In Basic Arabic, we explore various ways in which Arabic and English are different. For example, we have units that help English speakers avoid common mistakes that are made when translating from English to Arabic. We also cover common English expressions (e.g., “to have”) that have a broad range of meanings (e.g., ownership, in mind, time). We match-up Arabic equivalents with each of the meanings of “to have” and describe them in detail; we also outline meanings of “to have” in English that do not have Arabic equivalents. We also describe the different ways Arabic and English words package information, where an English word tends to encapsulate an individual unit, like an object or a verb, whereas Arabic words tend to contain compounds, such as a verb and a subject and an object all in one word.
This book is useful to a broad audience, including teachers, diplomats and uniformed service members living abroad, as well as classroom-based students. Basic Arabic comprises a grammar reference as well as a workbook of exercises and answers all in a single volume.
Why did you and your father, Waheed Samy, decide to write Basic Arabic?
My father passed away suddenly. When he did, I stepped in his shoes to try to finish some of the things he started, including this project. I found this project compelling because of the extent it would contribute to and fill gaps in existing published content. For example, my father had developed an extensive set of resources that he used to prepare his teaching curricula; importantly, these resources filled gaps that he found in Arabic textbooks commonly used in American universities. When his students needed additional explanation for topics beyond what was available to them in their textbooks, he developed targeted material, talking points for himself, to resolve these issues in his classrooms. One of my priorities in writing this book was to develop a framework for filling these gaps that is both comprehensive and accessible to a wide range of readers.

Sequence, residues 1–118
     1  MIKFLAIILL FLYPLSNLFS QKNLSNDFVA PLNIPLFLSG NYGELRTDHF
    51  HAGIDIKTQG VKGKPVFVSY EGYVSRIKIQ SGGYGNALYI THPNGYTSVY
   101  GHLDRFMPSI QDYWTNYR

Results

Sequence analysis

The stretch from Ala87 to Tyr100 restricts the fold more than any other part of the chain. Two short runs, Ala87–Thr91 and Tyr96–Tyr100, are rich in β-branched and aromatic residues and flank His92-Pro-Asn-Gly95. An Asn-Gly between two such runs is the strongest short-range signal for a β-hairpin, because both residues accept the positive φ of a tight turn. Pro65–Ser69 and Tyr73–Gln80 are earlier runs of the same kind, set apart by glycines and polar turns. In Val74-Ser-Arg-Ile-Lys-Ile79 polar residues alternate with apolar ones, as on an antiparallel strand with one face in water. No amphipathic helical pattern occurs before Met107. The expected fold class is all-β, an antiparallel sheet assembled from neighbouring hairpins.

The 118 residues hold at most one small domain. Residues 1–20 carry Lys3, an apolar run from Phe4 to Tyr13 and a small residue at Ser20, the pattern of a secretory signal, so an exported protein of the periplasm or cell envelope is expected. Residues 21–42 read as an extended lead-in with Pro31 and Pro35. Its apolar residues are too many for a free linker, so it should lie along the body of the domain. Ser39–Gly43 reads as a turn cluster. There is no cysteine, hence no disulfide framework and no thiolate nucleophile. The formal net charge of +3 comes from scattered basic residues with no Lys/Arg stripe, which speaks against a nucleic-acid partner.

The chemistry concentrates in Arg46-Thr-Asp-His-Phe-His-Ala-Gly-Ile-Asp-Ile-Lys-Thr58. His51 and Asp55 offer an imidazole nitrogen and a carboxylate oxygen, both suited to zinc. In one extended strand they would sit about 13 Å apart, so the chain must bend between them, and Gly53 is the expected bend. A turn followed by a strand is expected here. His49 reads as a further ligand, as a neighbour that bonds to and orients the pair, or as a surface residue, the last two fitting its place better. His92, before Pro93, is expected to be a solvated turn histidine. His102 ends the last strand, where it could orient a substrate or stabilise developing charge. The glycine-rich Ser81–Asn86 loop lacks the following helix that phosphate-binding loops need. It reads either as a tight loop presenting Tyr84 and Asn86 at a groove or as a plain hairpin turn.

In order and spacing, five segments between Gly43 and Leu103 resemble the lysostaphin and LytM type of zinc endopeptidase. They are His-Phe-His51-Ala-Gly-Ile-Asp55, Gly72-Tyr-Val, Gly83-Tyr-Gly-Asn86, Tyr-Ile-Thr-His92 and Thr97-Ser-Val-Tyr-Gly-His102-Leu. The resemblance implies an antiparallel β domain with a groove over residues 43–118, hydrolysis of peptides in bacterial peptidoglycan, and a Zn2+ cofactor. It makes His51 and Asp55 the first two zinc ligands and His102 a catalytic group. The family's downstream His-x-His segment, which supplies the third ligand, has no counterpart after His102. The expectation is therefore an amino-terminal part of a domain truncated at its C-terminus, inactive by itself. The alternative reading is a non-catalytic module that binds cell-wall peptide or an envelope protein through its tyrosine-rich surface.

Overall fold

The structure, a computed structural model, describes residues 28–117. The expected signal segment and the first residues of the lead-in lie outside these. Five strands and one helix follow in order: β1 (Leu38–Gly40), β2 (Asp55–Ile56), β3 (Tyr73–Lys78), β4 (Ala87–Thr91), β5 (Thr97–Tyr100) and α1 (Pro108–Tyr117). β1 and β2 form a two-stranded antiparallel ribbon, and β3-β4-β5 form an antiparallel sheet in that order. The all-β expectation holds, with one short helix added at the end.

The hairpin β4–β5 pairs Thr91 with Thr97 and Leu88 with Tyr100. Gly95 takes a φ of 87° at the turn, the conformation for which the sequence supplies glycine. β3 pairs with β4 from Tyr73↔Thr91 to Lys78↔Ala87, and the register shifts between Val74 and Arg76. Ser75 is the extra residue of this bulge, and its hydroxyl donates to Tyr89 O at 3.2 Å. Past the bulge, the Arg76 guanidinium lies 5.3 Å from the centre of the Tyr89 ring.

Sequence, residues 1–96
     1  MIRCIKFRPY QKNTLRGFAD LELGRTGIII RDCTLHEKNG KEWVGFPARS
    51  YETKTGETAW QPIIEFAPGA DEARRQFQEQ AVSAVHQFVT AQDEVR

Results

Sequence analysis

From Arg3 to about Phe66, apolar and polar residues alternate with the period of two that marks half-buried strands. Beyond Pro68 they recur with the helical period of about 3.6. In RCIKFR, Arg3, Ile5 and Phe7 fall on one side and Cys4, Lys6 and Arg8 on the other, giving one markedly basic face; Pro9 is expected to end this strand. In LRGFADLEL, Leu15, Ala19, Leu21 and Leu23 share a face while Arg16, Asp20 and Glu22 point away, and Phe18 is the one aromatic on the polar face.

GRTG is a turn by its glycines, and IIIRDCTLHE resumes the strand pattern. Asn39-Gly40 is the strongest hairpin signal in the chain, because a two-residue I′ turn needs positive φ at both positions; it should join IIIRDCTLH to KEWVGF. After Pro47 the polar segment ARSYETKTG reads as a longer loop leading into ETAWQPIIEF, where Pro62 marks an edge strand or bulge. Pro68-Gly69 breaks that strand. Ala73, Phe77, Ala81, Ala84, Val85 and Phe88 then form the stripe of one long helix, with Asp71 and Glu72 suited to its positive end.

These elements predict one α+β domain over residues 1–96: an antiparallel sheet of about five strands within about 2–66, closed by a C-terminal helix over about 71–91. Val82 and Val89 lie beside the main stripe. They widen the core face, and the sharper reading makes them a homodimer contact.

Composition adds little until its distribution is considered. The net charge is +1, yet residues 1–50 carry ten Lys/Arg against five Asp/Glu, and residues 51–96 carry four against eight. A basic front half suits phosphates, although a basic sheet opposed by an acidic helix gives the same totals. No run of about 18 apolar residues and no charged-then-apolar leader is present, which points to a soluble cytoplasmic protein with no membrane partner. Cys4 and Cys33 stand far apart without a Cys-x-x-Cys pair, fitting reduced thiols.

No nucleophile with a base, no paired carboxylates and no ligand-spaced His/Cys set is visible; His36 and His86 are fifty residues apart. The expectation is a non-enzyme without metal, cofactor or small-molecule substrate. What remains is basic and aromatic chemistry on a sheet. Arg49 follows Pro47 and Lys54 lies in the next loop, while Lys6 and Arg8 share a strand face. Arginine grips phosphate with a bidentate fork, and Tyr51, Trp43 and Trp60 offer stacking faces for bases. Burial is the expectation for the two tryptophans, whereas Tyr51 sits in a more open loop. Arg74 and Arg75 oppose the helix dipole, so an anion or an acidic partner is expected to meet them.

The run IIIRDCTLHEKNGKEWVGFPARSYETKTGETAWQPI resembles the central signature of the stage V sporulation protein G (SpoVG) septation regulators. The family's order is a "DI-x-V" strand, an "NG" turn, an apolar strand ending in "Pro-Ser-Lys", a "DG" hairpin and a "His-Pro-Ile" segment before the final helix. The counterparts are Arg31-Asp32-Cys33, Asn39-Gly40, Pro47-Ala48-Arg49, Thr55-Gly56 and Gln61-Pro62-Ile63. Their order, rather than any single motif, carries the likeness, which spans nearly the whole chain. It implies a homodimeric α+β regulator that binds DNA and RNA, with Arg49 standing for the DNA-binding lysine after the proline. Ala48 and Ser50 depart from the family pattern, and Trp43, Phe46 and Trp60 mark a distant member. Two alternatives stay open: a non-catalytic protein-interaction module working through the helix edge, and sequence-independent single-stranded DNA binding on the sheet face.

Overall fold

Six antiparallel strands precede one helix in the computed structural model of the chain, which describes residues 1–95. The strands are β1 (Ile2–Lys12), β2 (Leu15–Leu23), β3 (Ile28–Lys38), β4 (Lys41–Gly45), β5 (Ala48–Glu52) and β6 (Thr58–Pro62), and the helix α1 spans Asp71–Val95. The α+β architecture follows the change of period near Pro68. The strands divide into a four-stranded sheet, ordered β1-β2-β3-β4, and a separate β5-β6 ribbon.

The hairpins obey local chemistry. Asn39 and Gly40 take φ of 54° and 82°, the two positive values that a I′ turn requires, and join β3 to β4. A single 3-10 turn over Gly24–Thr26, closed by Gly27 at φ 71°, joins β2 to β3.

My father’s aim was to produce an Arabic language book that is modern and functions as an independent reference as well as a supplement to Arabic textbooks used in programmed Arabic courses at the beginning and intermediate levels in academic institutions.
Who would find this book useful? Tell us about your audience.
For non-native Arabic speakers taking programmed courses of instruction in Modern Standard Arabic in colleges, universities and other educational institutions, this book is a supplement to assigned textbooks. In an environment where instruction proceeds from one topic to the next, within pre-set dates and according to a schedule of instruction, individual students achieve varying degrees of control over different areas of the assigned textbook. This grammar reference helps learners review topics they have forgotten or did not initially grasp sufficiently.
For Arabic teachers, the grammar reference is used in developing curricula. Professors and instructors may also use this reference to help address student questions that are not sufficiently resolved in the assigned textbooks.
For career professionals and students preparing for an Arabic language placement exam, the extensive "workbook" includes examples and exercises suitable for practicing and reinforcing learning prior to an exam. The explanations, charts and index make discrete concepts easily and quickly accessible for learners to review forgotten or difficult grammar points prior to an exam.
For diplomats and service members living in Arab countries, this grammar reference will help them read Arabic media and other Arabic text in print. Also, since the units do not need to be read sequentially, busy professionals can access the specific content they need.
For professionals in publishing or editing fields, Basic Arabic serves as reference to learn how the structure of Arabic words differs from English words and how computers and word processing software may treat Arabic text differently from English or other Latin text.
Other target audiences for Basic Arabic include scholars, historians, and linguists who are researching texts in Arabic or other Semitic languages.